Ayo Onatade's Report on Scene 2003

For the fourth year running Crime Scene took place at the National Film Theatre at the South Bank. This year it included a tribute to Georges Simenon and his legendary detective, Inspector Maigret on the centenary of his works. The Crime Scene guest of honour was the legendary American crime writer, Walter Mosley.

{short description of image}While the panels did not start until Friday 11th July, Thursday 10th July was technically the opening night and the gala event was a showing of Walter Mosley’s Always Outnumbered, which was followed by a question and answer session. Always Outnumbered is based on Mosley’s novel Always Outnumbered, Always Outgunned a collection of short stories featuring ex-con Socrates Fortlow played by Laurence Fishburne.

The gala party was held at the River Walk, in the magnificent Oxo Tower on the South Bank. While the party was held at a brilliant venue, which boasted of magnificent and spectacular views of London especially at night, and despite the fact that the alcohol was flowing quite freely from the start along with some rather lovely canapés, it should have been a really good affair but where were all the crime writers? I would venture to say that at a majority of those present were either from the NFT or TCM (Turner Classic Movies) who were the major sponsors of the event. Perhaps it was due to the fact that on the Wednesday evening a majority of the authors were in Cambridge attending the ever-popular yearly Bodies in the Bookshop event hosted by Heffers Bookshop. Luckily some crime writers did turn up and it was nice to see Martyn Waites, Mark Billingham, Natasha Cooper, Stella Duffy, Lauren Henderson, Teddy Hayes and, of course, the guest of honour Walter Mosley. Also present were fellow crime reviewers Ali Karim, Sarah Weinman and Michael Carlson. As one would have expected we soon formed a little corner by ourselves!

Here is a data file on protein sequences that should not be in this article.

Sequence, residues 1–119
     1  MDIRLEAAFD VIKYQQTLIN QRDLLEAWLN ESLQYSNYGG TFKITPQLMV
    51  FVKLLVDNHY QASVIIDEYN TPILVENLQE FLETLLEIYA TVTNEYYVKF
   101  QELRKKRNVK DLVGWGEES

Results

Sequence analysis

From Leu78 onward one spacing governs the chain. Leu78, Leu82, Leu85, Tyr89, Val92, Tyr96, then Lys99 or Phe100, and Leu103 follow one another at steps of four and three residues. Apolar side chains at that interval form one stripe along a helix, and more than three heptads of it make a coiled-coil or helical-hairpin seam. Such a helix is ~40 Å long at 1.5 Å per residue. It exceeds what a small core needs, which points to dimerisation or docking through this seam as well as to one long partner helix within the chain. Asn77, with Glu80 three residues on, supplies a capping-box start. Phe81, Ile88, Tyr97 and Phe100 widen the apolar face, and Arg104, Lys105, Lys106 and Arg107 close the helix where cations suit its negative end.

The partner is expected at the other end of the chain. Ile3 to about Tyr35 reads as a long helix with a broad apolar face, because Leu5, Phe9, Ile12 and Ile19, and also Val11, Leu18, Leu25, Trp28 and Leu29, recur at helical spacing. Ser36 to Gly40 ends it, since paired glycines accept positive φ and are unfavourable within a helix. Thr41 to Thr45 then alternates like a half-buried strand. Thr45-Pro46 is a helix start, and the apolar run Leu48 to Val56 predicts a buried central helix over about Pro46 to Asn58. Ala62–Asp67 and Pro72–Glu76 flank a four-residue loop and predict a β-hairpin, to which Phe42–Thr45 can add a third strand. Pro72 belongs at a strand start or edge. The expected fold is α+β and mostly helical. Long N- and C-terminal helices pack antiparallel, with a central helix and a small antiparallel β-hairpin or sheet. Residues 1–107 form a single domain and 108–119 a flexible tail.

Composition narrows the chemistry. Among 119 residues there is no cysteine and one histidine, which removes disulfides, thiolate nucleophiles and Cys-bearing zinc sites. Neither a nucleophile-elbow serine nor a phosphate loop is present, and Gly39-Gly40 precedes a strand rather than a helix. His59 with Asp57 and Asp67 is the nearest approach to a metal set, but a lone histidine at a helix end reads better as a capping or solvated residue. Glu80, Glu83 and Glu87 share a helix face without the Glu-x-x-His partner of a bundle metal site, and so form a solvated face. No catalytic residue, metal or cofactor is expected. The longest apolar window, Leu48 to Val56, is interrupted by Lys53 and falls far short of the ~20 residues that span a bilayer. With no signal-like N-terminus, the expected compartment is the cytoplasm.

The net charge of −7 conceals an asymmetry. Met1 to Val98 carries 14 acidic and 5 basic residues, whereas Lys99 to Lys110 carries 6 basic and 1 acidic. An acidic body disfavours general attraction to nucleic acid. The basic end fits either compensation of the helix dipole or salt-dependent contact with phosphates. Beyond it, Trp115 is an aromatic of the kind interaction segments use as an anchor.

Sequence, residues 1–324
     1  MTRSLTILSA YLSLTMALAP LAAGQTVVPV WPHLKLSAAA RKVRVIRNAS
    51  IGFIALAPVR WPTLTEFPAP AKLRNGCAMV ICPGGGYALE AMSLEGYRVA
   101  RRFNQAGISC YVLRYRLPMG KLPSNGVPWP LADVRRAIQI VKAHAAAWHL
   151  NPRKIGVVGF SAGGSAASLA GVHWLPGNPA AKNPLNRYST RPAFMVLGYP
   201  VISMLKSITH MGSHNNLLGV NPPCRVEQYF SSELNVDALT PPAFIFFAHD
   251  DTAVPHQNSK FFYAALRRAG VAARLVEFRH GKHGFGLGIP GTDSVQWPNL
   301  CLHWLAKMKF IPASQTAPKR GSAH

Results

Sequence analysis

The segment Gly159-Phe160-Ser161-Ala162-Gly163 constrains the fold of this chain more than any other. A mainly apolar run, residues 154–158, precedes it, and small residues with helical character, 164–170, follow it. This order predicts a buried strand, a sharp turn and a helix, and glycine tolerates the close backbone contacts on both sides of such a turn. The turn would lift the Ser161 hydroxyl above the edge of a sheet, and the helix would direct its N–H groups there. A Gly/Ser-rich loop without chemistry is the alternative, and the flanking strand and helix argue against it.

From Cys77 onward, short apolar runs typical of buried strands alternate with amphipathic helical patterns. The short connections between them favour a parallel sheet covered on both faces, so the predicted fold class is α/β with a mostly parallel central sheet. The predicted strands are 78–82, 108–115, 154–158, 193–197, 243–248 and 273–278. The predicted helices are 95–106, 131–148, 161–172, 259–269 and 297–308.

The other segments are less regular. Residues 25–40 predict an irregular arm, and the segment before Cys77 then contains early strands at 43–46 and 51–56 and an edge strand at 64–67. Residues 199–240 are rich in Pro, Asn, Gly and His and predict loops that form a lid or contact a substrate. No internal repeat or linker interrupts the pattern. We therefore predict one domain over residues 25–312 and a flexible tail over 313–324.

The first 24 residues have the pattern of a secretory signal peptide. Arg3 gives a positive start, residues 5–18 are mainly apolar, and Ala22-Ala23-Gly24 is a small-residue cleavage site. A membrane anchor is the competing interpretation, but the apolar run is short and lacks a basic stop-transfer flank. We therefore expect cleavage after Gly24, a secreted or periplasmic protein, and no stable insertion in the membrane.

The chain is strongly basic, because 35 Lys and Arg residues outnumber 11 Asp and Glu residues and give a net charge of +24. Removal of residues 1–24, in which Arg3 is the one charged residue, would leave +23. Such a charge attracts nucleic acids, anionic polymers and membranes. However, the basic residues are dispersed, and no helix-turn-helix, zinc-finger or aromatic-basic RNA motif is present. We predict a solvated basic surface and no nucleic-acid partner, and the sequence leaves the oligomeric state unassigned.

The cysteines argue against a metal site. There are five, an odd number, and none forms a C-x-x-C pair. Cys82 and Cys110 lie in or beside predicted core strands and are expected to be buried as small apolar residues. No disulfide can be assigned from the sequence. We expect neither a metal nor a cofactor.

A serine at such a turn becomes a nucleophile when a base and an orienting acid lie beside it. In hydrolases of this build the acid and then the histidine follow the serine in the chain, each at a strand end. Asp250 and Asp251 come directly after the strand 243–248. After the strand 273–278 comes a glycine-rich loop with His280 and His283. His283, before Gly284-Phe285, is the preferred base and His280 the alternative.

As far as I was concerned, apart from having the opportunity, to chat with the crime writers present, the two highlights of {short description of image}the evening for me was firstly, being introduced to Walter Mosley and having my photograph taken with him and secondly, meeting the American (but British based) author Teddy Hayes. Teddy is the author of a series of books featuring ex-Government agent turned reluctant P.I Devil Barnett.

Come Friday there were a number of literary events that I was interested in attending, but because of the fact that they clashed with one another I found myself literally hurrying from one theatre to another so that I did not miss anything. Needless to say, it didn’t work! Like last year, I had to bite the bullet and decide what events that I wanted to attend. The first event that I attended on Friday was Snobbery, Assault and Battery: Why aren’t crime writers considered ‘real’ writers. Unfortunately, John Harvey was unable to moderate and so the panel consisted of Paul Johnston (who was also the moderator), Martyn Waites, Mark Billingham, John Connolly and Lauren Henderson who took the place of Stella Duffy. Snobbery, Assault and Battery started off rather lively with authors introducing themselves.

The discussion ranged from why some authors had an inferiority complex about crime fiction and also the fact that within the genre itself there was also a certain amount of snobbery to the changes within the genre within the last twenty years. As John Connolly pointed out during the panel, when was the last time a cosy or humorous novel won a major award? Furthermore, it was also agreed that there were also problems within the genre itself. One of the important points that was discussed was initially raised by Lauren Henderson who pointed out that there are some extremely good novels being written as well as some extremely bad ones as well. Furthermore, Mark Billingham raised a question as to what is considered to be a literary crime novel? Is it because it is well written? Also what gives people (and who are these people) who decide what is a literary crime novel? It was also agreed that the genre is very self-contained and experimental. Therefore it manages to distant itself from others. Examples of crime writers that were also considered to have written literary crime novels included Dashiell Hammett, James Ellroy, Sarah Caudwell, Patricia Highsmith, James Lee Burke, Dorothy L Sayers and Raymond Chandler.

The second panel that I decided to attend on Friday was Lawyers at Work and Play. This panel consisted of Elizabeth Woodcraft who was also the moderator, Marcel Berlins, Natasha Cooper, Bob Marshall-Andrews MP, Michael Malone and Nicola Williams. Sadly Lisa Scottoline who was due to be on the panel was unable to attend. Michael Malone attended instead. Unfortunately because the first event that I attended was due to finish 15 minutes after the start of the next event I wanted to attend and also ran over, I ended up missing at least half an hour of Lawyers at Work and Play. This was a shame, as from the tail end of what I managed to catch it appeared to have been a very lively panel.